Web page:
* As the threat of automatic federal budget cuts known as “sequestration” looms, the White House is distributing impact numbers for each state.
llinois would lose more than $58 million in federal education funding this year, about 14,000 of the state’s civilian Defense Department workers face furloughs and O’Hare International Airport could see customs delays of four hours or more unless Congress acts soon to avert mandatory budget cuts, according to the White House.
As part of its public relations effort to turn up the heat on Republicans in a standoff with President Barack Obama over taxes and spending, the White House on Sunday spelled out dire state-by-state impact of spending cuts now mandated by law to start March 1.
From a military air show scheduled for Rockford to Head Start services for about 2,700 children across the state, Illinois will see a wide array of fallout if almost all federal spending goes on the chopping block.
Last year’s “fiscal cliff” negotiations resulted in a two-month delay of the broad spending cuts, known as sequestration, but the two sides appear to be further apart than ever in reaching a compromise. Barring a last-minute breakthrough this week, Illinois and other states will see a 13 percent cut in defense programs and a 9 percent cut in civilian programs for the remainder of the federal fiscal year, which ends Sept. 30.
After agreeing last year to end payroll tax breaks and let income tax rates rise for the richest Americans, Republicans are refusing to consider White House demands for a combination of tax hikes and spending cuts to reduce the deficit.
Other than the large number of furloughs, these don’t appear to be absolutely wrenching cuts, but Illinois just doesn’t have the money to patch any of these holes. More on that later today.
* The White House list…
* Teachers and Schools: Illinois will lose approximately $33.4 million in funding for primary and secondary education, putting around 460 teacher and aide jobs at risk. In addition about 39,000 fewer students would be served and approximately 120 fewer schools would receive funding.
o Education for Children with Disabilities: In addition, Illinois will lose approximately $24.7 million in funds for about 300 teachers, aides, and staff who help children with disabilities.
* Work-Study Jobs: Around 3,280 fewer low income students in Illinois would receive aid to help them finance the costs of college and around 2,650 fewer students will get work-study jobs that help them pay for college.
* Head Start: Head Start and Early Head Start services would be eliminated for approximately 2,700 children in Illinois, reducing access to critical early education.
* Protections for Clean Air and Clean Water: Illinois would lose about $6.4 million in environmental funding to ensure clean water and air quality, as well as prevent pollution from pesticides and hazardous waste. In addition, Illinois could lose another $974,000 in grants for fish and wildlife protection.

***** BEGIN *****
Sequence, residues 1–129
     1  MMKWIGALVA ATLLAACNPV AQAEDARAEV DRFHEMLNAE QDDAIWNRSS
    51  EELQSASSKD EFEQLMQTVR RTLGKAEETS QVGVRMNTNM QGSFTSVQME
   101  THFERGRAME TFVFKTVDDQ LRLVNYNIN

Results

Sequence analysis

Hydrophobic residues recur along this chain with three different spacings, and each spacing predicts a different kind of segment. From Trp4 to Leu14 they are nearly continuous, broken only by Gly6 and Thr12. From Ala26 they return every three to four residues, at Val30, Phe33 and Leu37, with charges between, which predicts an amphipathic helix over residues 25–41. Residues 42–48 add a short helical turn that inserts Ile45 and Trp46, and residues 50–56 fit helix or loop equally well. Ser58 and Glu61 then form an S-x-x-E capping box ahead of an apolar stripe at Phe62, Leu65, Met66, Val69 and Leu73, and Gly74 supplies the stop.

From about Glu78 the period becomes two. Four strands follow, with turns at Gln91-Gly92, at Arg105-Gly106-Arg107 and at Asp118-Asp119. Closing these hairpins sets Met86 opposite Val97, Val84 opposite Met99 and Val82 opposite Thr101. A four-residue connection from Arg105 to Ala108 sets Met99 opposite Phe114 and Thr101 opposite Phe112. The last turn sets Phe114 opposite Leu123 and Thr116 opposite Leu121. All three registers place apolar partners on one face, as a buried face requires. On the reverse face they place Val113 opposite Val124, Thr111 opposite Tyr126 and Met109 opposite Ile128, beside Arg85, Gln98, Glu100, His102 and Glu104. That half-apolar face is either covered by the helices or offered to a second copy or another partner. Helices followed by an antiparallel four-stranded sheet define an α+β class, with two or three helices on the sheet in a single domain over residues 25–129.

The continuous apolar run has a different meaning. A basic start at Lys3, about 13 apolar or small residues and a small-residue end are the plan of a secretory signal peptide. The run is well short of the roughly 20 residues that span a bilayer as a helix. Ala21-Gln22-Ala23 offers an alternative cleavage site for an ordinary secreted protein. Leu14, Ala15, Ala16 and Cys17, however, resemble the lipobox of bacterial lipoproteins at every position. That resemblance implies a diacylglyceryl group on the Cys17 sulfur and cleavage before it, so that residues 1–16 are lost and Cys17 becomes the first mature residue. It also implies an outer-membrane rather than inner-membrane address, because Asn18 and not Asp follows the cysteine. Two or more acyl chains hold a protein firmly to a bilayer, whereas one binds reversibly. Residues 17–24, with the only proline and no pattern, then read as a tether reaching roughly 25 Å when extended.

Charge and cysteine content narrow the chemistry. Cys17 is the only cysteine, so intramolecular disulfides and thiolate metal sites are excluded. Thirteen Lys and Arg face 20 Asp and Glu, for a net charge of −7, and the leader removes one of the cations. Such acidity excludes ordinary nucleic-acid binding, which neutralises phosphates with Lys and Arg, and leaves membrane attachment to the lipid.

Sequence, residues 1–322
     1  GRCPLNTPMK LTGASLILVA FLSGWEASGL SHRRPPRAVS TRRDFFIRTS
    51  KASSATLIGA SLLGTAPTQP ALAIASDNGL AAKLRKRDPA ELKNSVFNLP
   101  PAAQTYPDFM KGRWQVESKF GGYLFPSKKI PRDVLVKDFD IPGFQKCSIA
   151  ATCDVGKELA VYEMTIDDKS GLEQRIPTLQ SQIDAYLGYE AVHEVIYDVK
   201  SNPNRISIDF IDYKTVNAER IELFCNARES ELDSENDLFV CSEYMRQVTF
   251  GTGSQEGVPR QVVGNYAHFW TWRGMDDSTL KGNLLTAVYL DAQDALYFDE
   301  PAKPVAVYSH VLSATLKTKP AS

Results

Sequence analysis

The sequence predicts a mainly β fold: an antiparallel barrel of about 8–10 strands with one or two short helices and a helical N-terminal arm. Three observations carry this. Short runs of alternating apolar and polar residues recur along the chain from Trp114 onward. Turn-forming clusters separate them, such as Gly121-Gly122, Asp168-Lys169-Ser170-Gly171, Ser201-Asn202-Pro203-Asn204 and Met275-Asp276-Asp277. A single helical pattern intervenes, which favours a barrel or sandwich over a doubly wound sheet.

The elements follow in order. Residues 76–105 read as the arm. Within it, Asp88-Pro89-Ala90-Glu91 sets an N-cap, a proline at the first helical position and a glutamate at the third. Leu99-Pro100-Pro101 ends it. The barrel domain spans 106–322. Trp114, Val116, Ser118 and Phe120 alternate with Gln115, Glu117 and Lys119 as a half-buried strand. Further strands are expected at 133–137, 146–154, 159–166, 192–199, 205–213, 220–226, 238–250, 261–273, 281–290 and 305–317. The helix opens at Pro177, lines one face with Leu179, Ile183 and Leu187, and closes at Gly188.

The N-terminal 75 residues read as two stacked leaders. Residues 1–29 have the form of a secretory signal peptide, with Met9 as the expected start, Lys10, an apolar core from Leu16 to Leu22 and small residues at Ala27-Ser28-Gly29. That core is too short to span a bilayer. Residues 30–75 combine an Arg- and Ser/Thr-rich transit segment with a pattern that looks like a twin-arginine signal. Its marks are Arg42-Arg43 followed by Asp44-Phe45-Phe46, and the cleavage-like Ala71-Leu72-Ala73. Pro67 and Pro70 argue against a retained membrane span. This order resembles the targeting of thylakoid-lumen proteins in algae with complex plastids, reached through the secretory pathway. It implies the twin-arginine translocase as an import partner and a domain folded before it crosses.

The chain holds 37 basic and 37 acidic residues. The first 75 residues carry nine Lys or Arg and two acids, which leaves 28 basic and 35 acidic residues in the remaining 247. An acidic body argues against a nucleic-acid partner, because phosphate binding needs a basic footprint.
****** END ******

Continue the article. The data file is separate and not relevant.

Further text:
* Military Readiness: In Illinois, approximately 14,000 civilian Department of Defense employees would be furloughed, reducing gross pay by around $83.5 million in total.
o Army: Base operation funding would be cut by about $19 million in Illinois.
o Air Force: Funding for Air Force operations in Illinois would be cut by about $7 million.
o Navy: Four planned Naval Station Great Lakes demolition projects ($2 million) could be canceled and a scheduled Blue Angels show in Rockford could be canceled.
* Law Enforcement and Public Safety Funds for Crime Prevention and Prosecution: Illinois will lose about $587,000 in Justice Assistance Grants that support law enforcement, prosecution and courts, crime prevention and education, corrections and community corrections, drug treatment and enforcement, and crime victim and witness initiatives.
* Job Search Assistance to Help those in Illinois find Employment and Training: Illinois will lose about $1.4 million in funding for job search assistance, referral, and placement, meaning around 50,780 fewer people will get the help and skills they need to find employment.
* Child Care: Up to 1,100 disadvantaged and vulnerable children could lose access to child care, which is also essential for working parents to hold down a job.
* Vaccines for Children: In Illinois around 5,230 fewer children will receive vaccines for diseases such as measles, mumps, rubella, tetanus, whooping cough, influenza, and Hepatitis B due to reduced funding for vaccinations of about $357,000.
* Public Health: Illinois will lose approximately $968,000 in funds to help upgrade its ability to respond to public health threats including infectious diseases, natural disasters, and biological, chemical, nuclear, and radiological events. In addition, Illinois will lose about $3.5 million in grants to help prevent and treat substance abuse, resulting in around 3,900 fewer admissions to substance abuse programs. And the Illinois State Department of Public Health will lose about $186,000 resulting in around 4,600 fewer HIV tests.
* STOP Violence Against Women Program: Illinois could lose up to $273,000 in funds that provide services to victims of domestic violence, resulting in up to 1,000 fewer victims being served.
* Nutrition Assistance for Seniors: Illinois would lose approximately $764,000 in funds that provide meals for seniors.